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Teachers In D.C. Overwhelmingly Vote To Ratify Tentative Agreement

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Mail-in ballots from teachers in D.C. were counted at the American Arbitration Association.
Kavitha Cardoza
Mail-in ballots from teachers in D.C. were counted at the American Arbitration Association.

By Kavitha Cardoza

Teachers in D.C. have voted overwhelmingly to ratify a tentative union agreement, a deal that’s been almost three years in the making. More than 1,400 union members voted in favor of the contract, while approximately 400 voted against it.

George Parker, president of the Washington Teachers Union, says the 55 percent turnout was "outstanding." And after almost three years of waiting, "It's a relief."

One of the highlights of the agreement is a more-than 20 percent increase in salary for teachers, with approximately half of that money available this year. Parker says that, along with other supports, makes it a "blueprint" for how to improve D.C. schools.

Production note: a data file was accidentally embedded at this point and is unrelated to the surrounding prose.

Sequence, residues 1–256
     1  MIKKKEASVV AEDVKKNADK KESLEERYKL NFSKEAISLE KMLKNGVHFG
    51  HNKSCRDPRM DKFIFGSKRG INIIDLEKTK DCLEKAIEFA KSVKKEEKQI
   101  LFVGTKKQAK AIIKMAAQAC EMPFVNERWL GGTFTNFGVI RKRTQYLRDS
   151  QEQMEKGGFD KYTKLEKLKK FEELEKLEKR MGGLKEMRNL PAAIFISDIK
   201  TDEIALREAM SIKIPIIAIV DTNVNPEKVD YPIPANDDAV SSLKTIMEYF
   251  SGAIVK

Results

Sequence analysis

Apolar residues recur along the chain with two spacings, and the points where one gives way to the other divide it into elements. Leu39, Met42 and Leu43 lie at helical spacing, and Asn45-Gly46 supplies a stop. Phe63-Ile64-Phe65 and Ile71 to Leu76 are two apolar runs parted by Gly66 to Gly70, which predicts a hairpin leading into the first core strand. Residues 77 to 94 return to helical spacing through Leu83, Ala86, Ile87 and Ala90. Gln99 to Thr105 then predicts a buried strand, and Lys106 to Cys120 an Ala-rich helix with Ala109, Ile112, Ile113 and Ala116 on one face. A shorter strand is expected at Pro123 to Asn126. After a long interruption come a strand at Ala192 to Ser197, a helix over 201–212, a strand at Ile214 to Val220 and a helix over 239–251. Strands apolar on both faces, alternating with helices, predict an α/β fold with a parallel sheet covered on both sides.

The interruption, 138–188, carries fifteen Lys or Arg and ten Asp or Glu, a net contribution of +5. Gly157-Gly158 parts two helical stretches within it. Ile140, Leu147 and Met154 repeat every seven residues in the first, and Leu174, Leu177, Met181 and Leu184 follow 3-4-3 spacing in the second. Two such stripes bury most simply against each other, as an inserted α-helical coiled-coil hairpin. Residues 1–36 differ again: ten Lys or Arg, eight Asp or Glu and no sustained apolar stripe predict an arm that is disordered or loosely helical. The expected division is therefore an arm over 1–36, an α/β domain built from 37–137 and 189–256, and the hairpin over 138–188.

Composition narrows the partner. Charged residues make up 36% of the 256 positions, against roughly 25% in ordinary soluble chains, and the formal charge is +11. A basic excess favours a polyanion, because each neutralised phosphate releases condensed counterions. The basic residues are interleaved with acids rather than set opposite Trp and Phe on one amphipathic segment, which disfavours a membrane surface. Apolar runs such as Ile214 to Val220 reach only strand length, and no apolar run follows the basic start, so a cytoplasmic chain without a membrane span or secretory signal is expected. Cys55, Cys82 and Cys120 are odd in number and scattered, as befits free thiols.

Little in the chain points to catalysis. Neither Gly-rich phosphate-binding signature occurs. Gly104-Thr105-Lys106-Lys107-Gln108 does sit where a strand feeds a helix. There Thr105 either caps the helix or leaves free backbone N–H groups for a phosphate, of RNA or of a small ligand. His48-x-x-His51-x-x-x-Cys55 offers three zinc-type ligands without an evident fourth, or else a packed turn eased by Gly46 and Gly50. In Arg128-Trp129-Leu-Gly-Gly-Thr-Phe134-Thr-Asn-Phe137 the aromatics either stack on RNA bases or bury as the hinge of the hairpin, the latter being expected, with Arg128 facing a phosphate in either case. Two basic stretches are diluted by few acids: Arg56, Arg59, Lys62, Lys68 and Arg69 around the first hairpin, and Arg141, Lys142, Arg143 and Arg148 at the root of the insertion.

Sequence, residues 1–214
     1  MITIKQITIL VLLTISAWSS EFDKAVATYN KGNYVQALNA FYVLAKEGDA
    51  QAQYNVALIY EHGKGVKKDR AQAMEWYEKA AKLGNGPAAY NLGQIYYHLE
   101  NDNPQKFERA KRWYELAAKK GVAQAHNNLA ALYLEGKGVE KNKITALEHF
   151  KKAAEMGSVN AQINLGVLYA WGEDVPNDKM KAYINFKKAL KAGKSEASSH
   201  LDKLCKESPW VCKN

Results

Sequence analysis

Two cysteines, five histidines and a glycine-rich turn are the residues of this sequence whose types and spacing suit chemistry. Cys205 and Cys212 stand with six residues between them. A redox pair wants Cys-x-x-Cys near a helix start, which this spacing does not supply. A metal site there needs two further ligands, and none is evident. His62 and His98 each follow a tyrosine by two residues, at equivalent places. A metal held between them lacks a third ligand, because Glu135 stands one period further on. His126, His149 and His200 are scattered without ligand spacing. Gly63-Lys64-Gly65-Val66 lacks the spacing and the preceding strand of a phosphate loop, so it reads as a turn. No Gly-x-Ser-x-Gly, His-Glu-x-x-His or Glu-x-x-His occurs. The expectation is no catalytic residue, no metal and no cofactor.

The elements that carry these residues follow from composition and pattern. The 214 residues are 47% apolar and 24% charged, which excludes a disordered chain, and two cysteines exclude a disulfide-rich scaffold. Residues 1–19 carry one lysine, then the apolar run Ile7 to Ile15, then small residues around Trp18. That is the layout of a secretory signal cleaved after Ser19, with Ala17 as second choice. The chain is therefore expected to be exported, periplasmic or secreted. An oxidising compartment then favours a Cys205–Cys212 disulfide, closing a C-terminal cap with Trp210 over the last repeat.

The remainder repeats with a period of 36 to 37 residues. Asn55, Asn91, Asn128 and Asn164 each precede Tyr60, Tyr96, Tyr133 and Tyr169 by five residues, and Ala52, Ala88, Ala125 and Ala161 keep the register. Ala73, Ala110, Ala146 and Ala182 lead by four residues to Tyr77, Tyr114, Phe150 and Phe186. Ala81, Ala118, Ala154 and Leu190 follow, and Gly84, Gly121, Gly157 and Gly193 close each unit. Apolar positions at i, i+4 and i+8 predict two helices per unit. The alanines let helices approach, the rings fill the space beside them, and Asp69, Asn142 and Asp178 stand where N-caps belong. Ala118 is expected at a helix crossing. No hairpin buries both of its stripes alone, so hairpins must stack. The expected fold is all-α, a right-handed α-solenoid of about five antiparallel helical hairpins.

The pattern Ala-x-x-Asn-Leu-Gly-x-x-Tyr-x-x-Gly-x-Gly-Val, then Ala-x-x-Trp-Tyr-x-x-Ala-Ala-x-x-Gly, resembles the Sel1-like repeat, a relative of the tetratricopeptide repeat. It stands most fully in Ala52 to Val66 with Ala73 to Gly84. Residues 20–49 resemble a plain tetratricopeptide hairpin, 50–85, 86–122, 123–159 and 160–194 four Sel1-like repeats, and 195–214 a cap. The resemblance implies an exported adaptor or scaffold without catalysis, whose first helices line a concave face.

"It means teachers are going to receive more resources, professional development," he says, "we finally have a contract that focuses on student discipline; teachers are finally going to be paid what they're worthy of being paid."

There is also a pay-for-performance plan, where teachers could earn bonuses of up to $30,000. Teachers can opt into that program; those details still have to be worked out.

Teachers also have concerns about the new teacher evaluation system. While that didn’t need to be collectively bargained, whether teachers get to keep their jobs is based largely on that system, not seniority.

Parker says there will be an independent evaluation of the system, as well as monthly meetings with D.C. public school officials to review the process.

The city council still needs to sign off on the contract agreement.

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